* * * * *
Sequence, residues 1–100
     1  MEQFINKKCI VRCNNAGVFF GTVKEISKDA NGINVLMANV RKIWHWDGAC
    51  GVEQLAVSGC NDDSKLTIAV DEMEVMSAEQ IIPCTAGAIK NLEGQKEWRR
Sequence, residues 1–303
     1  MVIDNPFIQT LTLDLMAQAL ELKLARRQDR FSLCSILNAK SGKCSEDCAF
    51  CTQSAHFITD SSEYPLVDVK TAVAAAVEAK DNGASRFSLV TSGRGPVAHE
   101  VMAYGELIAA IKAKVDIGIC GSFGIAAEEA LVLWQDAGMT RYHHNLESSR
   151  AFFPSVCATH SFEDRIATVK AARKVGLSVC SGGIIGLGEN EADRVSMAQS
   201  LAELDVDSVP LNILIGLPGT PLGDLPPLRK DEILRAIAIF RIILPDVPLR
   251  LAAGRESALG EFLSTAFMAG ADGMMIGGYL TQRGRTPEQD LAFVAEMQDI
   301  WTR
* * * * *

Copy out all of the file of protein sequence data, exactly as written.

Sequence, residues 1–100
     1  MEQFINKKCI VRCNNAGVFF GTVKEISKDA NGINVLMANV RKIWHWDGAC
    51  GVEQLAVSGC NDDSKLTIAV DEMEVMSAEQ IIPCTAGAIK NLEGQKEWRR
Sequence, residues 1–303
     1  MVIDNPFIQT LTLDLMAQAL ELKLARRQDR FSLCSILNAK SGKCSEDCAF
    51  CTQSAHFITD SSEYPLVDVK TAVAAAVEAK DNGASRFSLV TSGRGPVAHE
   101  VMAYGELIAA IKAKVDIGIC GSFGIAAEEA LVLWQDAGMT RYHHNLESSR
   151  AFFPSVCATH SFEDRIATVK AARKVGLSVC SGGIIGLGEN EADRVSMAQS
   201  LAELDVDSVP LNILIGLPGT PLGDLPPLRK DEILRAIAIF RIILPDVPLR
   251  LAAGRESALG EFLSTAFMAG ADGMMIGGYL TQRGRTPEQD LAFVAEMQDI
   301  WTR